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Multitasking gets lots of attention…but true multi-tasking doesn’t exist (rapid task switching may leave the impression of multi-tasking). A recent paper addresses this concept – The Autumn of Multitaskers: “Multitasking messes with the brain in several ways. At the most basic level, the mental balancing acts that it requires—the constant switching and pivoting—energize regions of the brain that specialize in visual processing and physical coordination and simultaneously appear to shortchange some of the higher areas related to memory and learning. We concentrate on the act of concentration at the expense of whatever it is that we’re supposed to be concentrating on.”


  1. Virginia Yonkers wrote:

    I question the working definition of Multi-tasking that they use. I think of task switching as a skill needed to accomplish multiple tasks that need to be done simultaneously rather than sequentially. I have read research that indicated that women in our society have a great ability to use both sides of the brain, switching back and forth. One reason given (I forgot where I read it or I would link it) is because child rearing requires being able to monitor multiple tasks (thus multi-tasking).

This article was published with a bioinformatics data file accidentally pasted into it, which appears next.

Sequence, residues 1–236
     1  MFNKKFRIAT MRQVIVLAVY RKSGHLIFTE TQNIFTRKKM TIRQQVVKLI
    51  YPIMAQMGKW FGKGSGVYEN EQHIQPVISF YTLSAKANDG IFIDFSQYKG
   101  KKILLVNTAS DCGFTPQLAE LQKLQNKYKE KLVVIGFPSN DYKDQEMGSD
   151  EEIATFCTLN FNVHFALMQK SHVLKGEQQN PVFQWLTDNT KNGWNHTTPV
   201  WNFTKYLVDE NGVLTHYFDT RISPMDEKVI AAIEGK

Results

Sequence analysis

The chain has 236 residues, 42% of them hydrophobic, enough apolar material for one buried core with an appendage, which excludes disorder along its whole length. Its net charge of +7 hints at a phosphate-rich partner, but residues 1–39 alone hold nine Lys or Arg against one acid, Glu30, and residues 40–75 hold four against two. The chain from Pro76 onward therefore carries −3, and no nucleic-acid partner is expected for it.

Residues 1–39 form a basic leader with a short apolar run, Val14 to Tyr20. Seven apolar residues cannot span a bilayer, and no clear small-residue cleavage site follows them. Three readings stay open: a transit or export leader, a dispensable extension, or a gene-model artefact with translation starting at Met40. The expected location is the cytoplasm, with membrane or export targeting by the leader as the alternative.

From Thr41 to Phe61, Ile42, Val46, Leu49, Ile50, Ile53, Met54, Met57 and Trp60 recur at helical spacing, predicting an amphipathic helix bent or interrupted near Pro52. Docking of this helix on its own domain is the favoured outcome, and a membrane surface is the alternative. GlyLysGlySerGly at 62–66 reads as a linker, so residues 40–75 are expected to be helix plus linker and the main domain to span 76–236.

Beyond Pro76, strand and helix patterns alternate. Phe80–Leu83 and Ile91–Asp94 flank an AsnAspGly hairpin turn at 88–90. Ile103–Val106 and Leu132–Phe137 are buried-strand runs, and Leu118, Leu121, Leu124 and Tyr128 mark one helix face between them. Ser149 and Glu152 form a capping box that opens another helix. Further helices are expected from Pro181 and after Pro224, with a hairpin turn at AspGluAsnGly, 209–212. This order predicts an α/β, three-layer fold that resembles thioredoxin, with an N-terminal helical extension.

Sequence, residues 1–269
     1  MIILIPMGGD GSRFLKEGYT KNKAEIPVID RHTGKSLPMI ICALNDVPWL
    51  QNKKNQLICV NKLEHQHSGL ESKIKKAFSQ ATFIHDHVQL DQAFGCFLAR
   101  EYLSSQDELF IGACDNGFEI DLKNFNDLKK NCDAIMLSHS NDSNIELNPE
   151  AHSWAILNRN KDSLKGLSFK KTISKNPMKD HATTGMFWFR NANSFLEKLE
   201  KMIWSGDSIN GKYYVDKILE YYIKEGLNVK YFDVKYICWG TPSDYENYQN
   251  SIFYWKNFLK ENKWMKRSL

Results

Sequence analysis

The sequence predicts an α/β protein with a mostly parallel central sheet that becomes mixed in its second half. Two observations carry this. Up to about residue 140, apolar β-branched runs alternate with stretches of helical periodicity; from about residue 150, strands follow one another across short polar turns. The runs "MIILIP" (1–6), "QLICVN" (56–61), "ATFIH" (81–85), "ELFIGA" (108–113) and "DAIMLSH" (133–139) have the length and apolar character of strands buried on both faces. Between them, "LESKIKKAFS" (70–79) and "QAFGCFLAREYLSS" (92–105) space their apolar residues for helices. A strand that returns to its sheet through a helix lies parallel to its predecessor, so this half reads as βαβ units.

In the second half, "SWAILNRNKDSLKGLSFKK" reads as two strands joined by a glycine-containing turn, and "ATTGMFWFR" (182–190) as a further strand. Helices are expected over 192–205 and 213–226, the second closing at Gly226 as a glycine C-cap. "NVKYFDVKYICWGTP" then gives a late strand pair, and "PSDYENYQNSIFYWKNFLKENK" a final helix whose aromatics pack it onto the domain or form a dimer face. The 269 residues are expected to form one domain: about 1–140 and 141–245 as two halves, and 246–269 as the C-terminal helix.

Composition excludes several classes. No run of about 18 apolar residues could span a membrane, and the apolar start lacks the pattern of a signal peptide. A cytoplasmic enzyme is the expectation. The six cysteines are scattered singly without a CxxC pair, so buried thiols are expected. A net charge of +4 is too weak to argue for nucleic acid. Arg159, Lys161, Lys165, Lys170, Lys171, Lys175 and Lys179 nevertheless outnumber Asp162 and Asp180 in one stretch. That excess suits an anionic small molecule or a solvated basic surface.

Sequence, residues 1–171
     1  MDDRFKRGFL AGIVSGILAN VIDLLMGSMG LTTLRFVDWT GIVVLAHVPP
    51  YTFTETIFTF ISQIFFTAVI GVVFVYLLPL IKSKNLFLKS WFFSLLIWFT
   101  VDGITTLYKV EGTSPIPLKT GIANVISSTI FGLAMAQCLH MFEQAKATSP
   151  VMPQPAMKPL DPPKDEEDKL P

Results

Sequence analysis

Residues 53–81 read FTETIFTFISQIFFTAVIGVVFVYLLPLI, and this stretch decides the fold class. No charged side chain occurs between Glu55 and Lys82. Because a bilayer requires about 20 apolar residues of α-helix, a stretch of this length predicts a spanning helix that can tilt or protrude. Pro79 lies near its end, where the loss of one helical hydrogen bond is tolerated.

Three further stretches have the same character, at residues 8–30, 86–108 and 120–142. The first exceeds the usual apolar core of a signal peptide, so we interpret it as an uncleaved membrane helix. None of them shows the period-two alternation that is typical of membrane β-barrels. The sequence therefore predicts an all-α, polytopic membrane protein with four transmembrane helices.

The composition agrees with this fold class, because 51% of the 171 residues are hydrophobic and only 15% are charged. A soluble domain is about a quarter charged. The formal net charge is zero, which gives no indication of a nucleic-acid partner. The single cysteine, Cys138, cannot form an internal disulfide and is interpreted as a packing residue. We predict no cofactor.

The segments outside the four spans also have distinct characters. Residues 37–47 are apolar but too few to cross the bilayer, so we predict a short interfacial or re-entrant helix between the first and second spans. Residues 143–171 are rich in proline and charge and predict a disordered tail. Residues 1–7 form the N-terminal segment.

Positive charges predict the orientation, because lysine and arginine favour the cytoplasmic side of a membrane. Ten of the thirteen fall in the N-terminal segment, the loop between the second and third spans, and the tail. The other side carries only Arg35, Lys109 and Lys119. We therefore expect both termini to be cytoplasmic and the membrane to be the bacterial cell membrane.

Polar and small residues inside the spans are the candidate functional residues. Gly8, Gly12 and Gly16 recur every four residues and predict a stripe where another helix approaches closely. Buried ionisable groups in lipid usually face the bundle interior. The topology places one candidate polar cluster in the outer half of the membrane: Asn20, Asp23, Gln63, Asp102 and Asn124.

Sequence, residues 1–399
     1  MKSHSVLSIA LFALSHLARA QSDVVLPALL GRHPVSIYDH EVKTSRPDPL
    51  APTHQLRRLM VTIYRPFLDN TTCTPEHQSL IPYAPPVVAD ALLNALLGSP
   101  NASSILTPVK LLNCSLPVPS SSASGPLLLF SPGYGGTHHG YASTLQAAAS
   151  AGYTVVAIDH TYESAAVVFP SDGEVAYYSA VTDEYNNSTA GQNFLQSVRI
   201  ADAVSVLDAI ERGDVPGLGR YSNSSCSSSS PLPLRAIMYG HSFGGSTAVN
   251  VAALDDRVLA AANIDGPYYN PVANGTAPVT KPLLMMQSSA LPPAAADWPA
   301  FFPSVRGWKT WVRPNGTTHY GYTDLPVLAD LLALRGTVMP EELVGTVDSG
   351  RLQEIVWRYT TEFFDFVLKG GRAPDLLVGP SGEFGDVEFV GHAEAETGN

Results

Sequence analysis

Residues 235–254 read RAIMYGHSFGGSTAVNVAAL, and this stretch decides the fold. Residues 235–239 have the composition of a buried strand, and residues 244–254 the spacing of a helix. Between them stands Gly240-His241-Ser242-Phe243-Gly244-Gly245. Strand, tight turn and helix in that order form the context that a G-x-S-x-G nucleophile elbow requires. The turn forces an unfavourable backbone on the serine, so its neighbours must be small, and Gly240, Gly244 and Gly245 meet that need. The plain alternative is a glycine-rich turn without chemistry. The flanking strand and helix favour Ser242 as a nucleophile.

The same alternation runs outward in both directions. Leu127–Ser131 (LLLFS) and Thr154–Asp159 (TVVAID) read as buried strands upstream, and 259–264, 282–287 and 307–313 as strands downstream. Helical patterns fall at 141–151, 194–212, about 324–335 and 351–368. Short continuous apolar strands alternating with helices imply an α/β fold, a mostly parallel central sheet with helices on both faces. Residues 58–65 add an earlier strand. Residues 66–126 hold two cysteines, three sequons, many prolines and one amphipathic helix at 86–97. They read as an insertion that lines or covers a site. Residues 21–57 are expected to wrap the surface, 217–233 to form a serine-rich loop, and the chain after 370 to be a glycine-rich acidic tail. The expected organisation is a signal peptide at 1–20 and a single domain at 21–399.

I found when I taught in Costa Rica, a society that is polychronic (multiple tasks, conversations), I developed excellent skills in being able to monitor multiple conversations (often in multiple languages). I look at the generation coming up and am amazed at how they can talk on a cell phone, take notes, carry on a discussion with a person next to them, and even do administrative business such as choose their classes, all at the same time! I think they must be missing something in the depth, yet they are still able to achieve a lot in a short period of time. Is a culture changing to polychronic because of our mobile technology and is it important therefore to teach monitoring and networking skills that Connectivism would suggest?

    Wednesday, January 30, 2008 at 8:13 am | Permalink
  2. cindyu wrote:

    Polychrons of the world unite! Today I was virtual mom (on videochat with my sick child just prior to a conference session), virtual colleague (Twittering during conference presentations), f2f colleague (conversing in between spaces) and now I am virtually exhausted!

    I posted some further thoughts on this:

    I agree with you, Virginia – it may be time for a new definition of multi-tasking. Perhaps one that focuses on the dangers of chronic, habitual practice?

    Wednesday, January 30, 2008 at 3:45 pm | Permalink